Throwback Thursdays: Echo Slim on Bounty Killer’s “Down in the Ghetto”

October 3, 2013

Words by Echo Slimโ€”

Recently, we introduced you to beatmaker Echo Slim and his reworks of classic Bob Marley and Super Cat. For this week’s Throwback Thursdays, he takes us back to 1994, when he first encountered one Bounty Killer..

Its the fall of ’94, and I’m coming in from the cold, as Mr. Nesta Robert Marley would say. Relocating from the outskirts of usually-chilly Toronto to the tropical climate of Miami, I immediately immersed myself in the local sound system culture. Already being familiar with iconic deejays such as Super Cat, Shabba Ranks, Ninja Man, Tiger, Papa San, and other greats, I almost flipped when I first heard one of the most unique voices in the history of music. “Well, Dis one called Down Inna Di Ghetto, none otha den the Mighty Bounty Killa say so, Everyday I get up its just gunshot ah echo, Lawd Ah Mercy”. Miss Ivy’s Son, aka the Warlord, aka Rodney Price, instantly earned my respect when I heard the classic “Down In The Ghetto,” or, as Killer actually says it, “Down Inna Di Ghetto.”

For all my Miami heads, I first heard this song from my older cousin “Trini Boy,” who played on one of the sickest sound systems at the time called Elite Unlimited (Large up Chuckie, Martin Lutha, King David, Red Snapper, Pressa, and the rest of the Elite Unlimited crew). Trini dropped this track at a house party in the Norland area of North Miami (now known as Miami Gardens), and the place went nuts. Who ever owned that house almost lost a house that night. Between all the lighters and liquor flying all over the place, I’m surprised it didn’t burn down. Trini must have pulled up that song over 10 times. No lie. Every lyric Bounty said in the first hook and first verse was wheel-up material, straight quotable lines. It was Bare Vibes. The force was strong within Trini that night, representing like a young sound bwoy Jedi.

Well down inna di ghetto where di poor nuh have a ting, and di politicians wit di guns dem ah bring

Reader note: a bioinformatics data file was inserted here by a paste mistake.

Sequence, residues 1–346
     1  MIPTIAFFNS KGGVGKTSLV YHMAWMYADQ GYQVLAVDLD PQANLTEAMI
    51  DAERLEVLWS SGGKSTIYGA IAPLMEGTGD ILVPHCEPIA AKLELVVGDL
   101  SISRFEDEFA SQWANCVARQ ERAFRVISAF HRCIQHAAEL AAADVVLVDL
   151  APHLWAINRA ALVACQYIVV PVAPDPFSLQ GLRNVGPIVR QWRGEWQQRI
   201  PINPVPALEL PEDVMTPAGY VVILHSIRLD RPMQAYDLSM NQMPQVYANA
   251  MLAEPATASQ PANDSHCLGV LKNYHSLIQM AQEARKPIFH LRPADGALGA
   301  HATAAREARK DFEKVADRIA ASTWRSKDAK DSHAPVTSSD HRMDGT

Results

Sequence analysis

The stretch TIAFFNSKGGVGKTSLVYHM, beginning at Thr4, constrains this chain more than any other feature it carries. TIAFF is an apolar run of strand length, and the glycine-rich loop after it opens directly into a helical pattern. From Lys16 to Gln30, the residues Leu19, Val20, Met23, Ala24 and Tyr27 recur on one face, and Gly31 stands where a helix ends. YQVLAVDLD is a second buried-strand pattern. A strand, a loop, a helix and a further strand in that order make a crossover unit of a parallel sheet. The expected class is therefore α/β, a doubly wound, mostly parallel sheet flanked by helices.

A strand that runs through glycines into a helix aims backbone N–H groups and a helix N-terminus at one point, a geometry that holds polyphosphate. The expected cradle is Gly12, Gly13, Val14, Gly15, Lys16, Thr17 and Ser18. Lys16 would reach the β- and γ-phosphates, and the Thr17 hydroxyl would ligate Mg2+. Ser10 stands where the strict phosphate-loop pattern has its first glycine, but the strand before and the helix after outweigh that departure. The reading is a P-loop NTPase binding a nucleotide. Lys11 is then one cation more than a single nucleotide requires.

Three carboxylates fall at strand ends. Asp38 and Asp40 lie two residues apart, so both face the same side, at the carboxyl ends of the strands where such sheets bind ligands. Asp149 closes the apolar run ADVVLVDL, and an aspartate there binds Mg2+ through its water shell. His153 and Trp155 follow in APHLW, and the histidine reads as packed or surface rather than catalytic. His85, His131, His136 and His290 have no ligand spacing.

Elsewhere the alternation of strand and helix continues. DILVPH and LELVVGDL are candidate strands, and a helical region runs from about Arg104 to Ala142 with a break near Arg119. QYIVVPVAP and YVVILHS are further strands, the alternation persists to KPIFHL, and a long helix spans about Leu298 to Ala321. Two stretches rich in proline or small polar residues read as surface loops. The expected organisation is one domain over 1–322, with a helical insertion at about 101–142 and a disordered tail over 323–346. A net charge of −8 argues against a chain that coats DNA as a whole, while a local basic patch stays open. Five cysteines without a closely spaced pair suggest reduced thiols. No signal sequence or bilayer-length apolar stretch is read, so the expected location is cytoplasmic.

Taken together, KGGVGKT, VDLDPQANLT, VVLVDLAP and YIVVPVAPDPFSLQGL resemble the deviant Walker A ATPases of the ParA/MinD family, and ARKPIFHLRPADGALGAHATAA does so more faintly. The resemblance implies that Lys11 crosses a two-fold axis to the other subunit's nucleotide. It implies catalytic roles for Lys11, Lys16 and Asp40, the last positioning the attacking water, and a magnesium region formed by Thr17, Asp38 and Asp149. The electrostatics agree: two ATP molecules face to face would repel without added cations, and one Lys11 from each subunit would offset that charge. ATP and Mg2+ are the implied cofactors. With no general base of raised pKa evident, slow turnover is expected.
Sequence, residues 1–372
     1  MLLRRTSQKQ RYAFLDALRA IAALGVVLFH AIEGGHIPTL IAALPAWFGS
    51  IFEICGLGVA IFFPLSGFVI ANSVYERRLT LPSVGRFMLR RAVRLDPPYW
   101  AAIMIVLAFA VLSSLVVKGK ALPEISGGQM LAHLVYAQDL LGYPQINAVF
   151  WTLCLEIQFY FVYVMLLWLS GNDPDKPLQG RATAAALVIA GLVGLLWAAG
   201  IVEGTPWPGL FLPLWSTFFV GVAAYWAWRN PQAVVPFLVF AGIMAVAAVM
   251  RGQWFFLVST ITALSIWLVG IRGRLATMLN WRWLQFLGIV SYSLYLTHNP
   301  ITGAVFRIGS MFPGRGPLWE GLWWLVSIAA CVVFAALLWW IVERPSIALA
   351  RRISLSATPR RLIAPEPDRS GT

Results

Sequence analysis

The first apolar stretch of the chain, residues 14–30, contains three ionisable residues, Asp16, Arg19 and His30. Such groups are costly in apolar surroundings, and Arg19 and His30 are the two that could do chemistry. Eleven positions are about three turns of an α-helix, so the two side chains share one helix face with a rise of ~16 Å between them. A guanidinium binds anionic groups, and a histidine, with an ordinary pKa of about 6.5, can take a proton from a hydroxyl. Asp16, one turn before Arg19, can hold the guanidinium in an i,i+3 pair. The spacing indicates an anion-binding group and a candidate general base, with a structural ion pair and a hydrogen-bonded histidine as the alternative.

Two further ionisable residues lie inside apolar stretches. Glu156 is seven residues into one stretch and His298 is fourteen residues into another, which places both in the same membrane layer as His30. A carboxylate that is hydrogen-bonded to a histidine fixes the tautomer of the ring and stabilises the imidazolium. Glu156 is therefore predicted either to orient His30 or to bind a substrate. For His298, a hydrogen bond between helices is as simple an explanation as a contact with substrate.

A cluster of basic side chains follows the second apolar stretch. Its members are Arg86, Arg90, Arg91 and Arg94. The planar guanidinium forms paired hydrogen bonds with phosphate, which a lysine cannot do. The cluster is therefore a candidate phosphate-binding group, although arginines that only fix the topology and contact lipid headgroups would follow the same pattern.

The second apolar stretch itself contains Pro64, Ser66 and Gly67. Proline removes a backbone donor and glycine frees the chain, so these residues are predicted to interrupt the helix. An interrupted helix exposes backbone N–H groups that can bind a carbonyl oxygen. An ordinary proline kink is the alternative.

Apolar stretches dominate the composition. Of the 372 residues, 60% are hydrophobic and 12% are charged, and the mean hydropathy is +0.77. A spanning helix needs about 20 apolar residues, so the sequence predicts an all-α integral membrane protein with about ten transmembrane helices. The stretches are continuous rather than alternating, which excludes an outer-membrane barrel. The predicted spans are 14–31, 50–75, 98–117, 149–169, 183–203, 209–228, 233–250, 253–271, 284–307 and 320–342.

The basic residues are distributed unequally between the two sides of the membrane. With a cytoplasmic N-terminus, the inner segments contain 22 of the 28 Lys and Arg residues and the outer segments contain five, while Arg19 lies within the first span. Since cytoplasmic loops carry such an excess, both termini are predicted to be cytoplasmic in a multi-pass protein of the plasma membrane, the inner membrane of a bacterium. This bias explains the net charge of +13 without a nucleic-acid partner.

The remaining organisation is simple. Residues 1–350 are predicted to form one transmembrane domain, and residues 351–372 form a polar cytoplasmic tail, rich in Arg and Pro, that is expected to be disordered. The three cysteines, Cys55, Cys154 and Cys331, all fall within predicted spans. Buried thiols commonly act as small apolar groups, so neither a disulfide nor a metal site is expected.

Bounty was straight dropping knowledge behind the mesmerizing horns and sick bass line of the Shank I Sheck riddim. It’s sad that many of my friends and I could relate to this song living in America, the supposed land of equalityโ€”whether that be racial equality, socioeconomic equality, or just overall equal opportunity for all citizens. I can only imagine what Bounty saw happening in Jamaica at the time with his own eyes. This song. along with many other classic gems, solidified his legacy as the defender of the poor, and earned him the title of the “Poor People’s Governor.”

Just when things started to cool down in the domestic dancehall for the night, Trini dropped another track on the same riddim. All we heard was that same unmistakeable voice say, “Well actions speak louder den words, so bad man nuh talk betta if ya observe, yes”. The place erupted. The real estate value of that house definitely dropped after that chune. Good times!

Bounty never shot a music video for “Down In The Ghetto,” and quite frankly, a music video could never really portray the realness of such a powerful song. However, if you wish to see what inspired the song, you can’t do better than this documentary segment from Jamaican TV show Entertainment Report which follows Bounty back to Callaloo Bed in Riverton City, one of the impoverished areas where he grew up. The segment gave me even more of an appreciation for this classic song, and Bounty’s entire catalog. For all of you just hearing of “Down In The Ghetto,” I advise watching the clip first, than listening to song. You’ll visualize what you just saw while listening to the song, painting an even more detailed picture when listening to Bounty’s descriptively chilling words.